Ancient blades served as early weapons

African find reveals complex toolmaking 71,000 years ago

Archery may be an ancient pastime. Humans started making the components for arrows at least 71,000 years ago, archaeologists report online November 7 in Nature.

ANCIENT ARCHERY Humans fashioned tiny stone blades, probably tips for arrows, as early as 71,000 years ago, a new study finds. Simen Oestmo

This reproduction demonstrates how Stone Age people might have hafted small stone blades to a wooden shaft to make arrows. Benjamin Schoville

Kyle Brown of the University of Cape Town in South Africa and his colleagues unearthed thin stone blades at South Africa’s Pinnacle Point cave that appear to be arrow tips. The tiny artifacts were made from a type of stone called silcrete that had first been heated to make the rock easier to chip. Blunt edges indicate that people had hafted the blades onto wooden shafts to use with a bow or spear-thrower.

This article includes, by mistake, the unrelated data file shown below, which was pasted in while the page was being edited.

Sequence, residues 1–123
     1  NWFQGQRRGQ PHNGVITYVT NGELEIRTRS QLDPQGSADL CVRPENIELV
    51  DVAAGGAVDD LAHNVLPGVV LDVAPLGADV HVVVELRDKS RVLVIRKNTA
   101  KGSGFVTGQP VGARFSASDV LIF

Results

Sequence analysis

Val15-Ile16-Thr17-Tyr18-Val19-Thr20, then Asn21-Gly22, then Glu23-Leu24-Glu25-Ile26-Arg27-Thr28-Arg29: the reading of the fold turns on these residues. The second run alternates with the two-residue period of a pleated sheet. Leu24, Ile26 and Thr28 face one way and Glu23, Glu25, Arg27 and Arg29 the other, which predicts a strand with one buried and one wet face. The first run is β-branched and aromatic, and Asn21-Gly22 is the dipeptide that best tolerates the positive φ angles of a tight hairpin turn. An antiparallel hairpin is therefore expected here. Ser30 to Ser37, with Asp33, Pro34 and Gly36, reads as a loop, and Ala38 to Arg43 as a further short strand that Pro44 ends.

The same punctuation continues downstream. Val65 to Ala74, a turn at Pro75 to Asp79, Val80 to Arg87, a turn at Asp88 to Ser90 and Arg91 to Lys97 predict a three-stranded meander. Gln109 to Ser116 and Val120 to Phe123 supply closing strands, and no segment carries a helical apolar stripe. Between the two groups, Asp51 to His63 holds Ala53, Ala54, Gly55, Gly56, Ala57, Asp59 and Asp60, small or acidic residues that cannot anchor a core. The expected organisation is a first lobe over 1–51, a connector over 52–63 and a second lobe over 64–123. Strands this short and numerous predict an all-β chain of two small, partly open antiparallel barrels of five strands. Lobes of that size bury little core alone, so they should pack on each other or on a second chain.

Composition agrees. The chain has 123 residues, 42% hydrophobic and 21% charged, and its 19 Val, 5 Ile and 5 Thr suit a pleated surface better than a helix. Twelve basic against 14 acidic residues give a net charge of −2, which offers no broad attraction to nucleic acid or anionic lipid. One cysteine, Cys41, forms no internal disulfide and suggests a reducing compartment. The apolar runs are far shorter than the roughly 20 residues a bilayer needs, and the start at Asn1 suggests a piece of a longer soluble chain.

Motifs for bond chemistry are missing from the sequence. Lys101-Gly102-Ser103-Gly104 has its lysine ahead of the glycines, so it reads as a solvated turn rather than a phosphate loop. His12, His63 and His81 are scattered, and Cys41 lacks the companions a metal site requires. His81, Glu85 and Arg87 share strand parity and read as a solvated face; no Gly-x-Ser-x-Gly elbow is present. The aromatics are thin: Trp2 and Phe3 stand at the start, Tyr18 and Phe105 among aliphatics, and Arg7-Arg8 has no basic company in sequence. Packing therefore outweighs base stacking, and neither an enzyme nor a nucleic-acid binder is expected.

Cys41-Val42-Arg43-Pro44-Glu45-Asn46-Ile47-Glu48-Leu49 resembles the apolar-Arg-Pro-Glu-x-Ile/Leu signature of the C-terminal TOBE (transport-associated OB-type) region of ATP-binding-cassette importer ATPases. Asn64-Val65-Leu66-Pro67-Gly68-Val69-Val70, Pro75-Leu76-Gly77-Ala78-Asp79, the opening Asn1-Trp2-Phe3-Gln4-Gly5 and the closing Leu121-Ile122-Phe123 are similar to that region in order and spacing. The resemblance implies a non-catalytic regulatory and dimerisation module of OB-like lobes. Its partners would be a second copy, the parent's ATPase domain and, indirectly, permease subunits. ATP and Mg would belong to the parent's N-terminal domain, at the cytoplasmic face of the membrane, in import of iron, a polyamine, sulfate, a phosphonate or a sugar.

The team found the arrow points — which predate the next oldest evidence of arrows by several thousand years — throughout cave sediments spanning 11,000 years. The timing not only reveals that humans had the intellect to make bows and arrows back then, but also that they could pass on complicated instructions to build multipart tools over hundreds of generations, the researchers say.

Erin Wayman is the managing editor for print and longform content at Science News. She has a master’s degree in biological anthropology from the University of California, Davis and a master’s degree in science writing from Johns Hopkins University.

More Stories from Science News on Humans